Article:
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Mabie Todd Blackbird Lever Filler, C1920.


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Mabie Todd Blackbird Lever Filler, c1920.


This is a very brief review of a rather lovely little pen I bought at LWES 2011 from the £15 'bargain bucket' at one of the stalls. I had heard that UK made Swans and Blackbirds could have flex nibs, so after gently pressing the nib against my thumbnail I bought this one and a sac to find out what the fuss was with flex nibs.


I don't know how old the pen is, but from the little research I have done it's likely to have been from the late 1910's or the early 1920's, so I've plumped for an average 1920. The pen has been well used over the years, and by the shape of it it's one of the first style of Mabie Todd Blackbirds. The 'Blackbird' marking is clear, but the chasing on the rest of the pen is almost totally worn away. In its 91 year life, this pen has seen a heck of a lot of use. Despite that, the nib only needed slight re-alignment of one tine.


The pen is as below:







The pen dimensions are:

  • Length, Capped: 134mm (5.3")
    Length, Uncapped: 126mm (5")
    Length, Posted: 169mm (6.6")
    Barrel Diameter: 11mm
    Cap Diameter: 13mm
    Nib size: 17mm long x 5.75mm wide
    Weight: 14.5g




The pen is not much to look at, but there again it's a tool rather than a piece of jewelery. The important thing is the feel and the nib.

The pen is light, and comfortable, so can be used for all day writing. The section diameter is a little smaller than many modern pens, but it's not a problem as the pen is so light that you don't need to grip it hard.

The thing to rave about, though, is the nib. Look at the line variation below on 7.5mm feint paper:


This is with light to medium writing forces. I have not dared to press harder, as I don't want to risk damage to this glorious nib.


The nib is stiff enough to use as an everyday pen, but the flex allows a wonderful degree of expression while doing even the most technical of writing. This pen, ancient as it may be, is now in my rotation on a permanent basis. It has been used a great deal in its life, and I now know why; It's glorious to use.


Blackbirds may have been a bit of a budget line at the time Mabie Todd made them, but it was beautifully built and has a high quality nib. I can recommend one to anyone who is curious about flex, but doesn't want to break the bank.


I hope this is of interest,







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It's a very nice pen indeed. The price is good too. Usually you can find those on ebay for up to three times that price. Hope you'll enjoy your find!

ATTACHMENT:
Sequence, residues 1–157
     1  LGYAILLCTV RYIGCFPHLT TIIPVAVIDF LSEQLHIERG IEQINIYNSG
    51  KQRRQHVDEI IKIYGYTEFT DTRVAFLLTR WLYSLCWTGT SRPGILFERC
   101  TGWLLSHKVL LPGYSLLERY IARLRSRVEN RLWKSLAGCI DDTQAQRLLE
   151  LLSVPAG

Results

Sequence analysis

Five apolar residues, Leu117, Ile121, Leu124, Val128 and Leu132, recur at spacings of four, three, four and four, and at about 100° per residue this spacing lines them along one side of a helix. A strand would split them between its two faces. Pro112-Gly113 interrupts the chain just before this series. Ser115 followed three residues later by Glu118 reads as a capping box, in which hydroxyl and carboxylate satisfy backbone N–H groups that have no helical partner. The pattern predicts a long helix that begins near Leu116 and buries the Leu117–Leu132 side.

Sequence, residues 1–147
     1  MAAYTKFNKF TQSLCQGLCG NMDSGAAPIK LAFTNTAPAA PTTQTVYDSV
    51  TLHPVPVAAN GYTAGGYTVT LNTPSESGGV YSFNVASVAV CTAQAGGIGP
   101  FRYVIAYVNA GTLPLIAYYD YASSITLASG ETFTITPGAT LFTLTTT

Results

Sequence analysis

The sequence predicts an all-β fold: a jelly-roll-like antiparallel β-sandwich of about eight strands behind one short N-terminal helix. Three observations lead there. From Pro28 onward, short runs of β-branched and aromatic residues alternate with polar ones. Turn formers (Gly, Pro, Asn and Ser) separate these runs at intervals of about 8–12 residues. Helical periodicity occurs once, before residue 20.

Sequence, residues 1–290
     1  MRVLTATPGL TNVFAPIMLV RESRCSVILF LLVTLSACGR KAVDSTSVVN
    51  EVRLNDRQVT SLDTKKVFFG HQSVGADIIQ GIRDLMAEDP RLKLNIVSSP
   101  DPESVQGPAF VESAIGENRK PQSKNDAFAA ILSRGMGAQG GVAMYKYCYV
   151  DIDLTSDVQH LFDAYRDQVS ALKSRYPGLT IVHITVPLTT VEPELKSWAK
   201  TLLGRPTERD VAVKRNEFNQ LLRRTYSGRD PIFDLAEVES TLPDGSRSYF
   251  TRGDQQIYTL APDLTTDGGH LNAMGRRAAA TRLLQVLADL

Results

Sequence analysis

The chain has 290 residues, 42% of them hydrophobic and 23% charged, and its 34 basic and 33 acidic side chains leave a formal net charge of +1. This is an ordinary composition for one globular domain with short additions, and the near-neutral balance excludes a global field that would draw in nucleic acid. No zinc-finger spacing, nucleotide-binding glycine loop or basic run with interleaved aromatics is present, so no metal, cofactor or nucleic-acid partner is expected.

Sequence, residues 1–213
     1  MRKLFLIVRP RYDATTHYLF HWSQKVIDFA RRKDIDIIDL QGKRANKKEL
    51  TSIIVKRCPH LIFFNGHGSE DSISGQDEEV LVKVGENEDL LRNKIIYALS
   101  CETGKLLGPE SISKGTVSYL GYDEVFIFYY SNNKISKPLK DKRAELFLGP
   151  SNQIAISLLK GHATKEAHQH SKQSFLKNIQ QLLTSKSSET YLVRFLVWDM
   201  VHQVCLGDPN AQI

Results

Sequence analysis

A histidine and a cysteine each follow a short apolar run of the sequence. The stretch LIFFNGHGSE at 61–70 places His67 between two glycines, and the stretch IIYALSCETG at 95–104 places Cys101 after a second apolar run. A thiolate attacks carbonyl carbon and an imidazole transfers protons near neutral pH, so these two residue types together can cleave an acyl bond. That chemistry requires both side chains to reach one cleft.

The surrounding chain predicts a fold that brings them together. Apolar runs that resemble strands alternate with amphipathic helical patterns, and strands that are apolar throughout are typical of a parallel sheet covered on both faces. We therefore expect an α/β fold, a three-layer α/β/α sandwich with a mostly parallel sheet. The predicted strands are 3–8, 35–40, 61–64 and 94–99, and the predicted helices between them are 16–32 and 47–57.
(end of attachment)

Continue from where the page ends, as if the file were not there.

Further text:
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Nice find and good review!


I like the subtle ribbing on the cap, not too flashy decoration but just right.

The Pen Is Mightier than the sword.

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That ribbing is all that's left from seriously worn out chasing on the BHR of the pen.

The barrel doesn't even have that left - there is a hint it existed once..


However I agree, it looks fairly nice as is.





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Excellent review! I would agree with your date, and I think this model is the precursor of the BB2/60, which it resembles. Here are some pictures of a NOS one I picked up recently:




What's especially interesting about these pens is that some - not all - have a spoon feed instead of the usual Mabie Todd ladder feed. A similarly-shaped Jackdaw of around the same date also has the spoon feed.


Though the label is hard to read now, the pen appears to have cost 7/6d. These are much under-rated pens and great writers.









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red2ripple, that's amazing. It's amazing to see a NOS pen from so long ago. And the price... At least an average week's wages.


The feed on mine is slightly different, as below:






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Hi Richard,


There must always be a story behind New Old Stock pens but sadly I rarely hear what it is.









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A great pen and a great find. You should write more with this (and the other one too) classic.

Enjoy the Swans

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  • 2 years later...

Let this be a lesson to anyone (like myself) who automatically assumes Waterman's Ideal pens are about the only viable option for vintage flex. From what I've seen, these Mabie Todds (Swans and Blackbirds in particular) seem to be every bit as good as the #2 Ideal nibs for flex, and can quite often be found for less. While it'd be nice to own a Waterman, perhaps I should at least consider other manufacturers if I'm just looking for flex :P

Thanks for sharing!



"The price of an object should not only be what you had to pay for it, but also what you've had to sacrifice in order to obtain it." - <i>The Wisdom of The Internet</i><p class='bbc_center'><center><img src="http://i59.tinypic.com/jr4g43.jpg"/></center>

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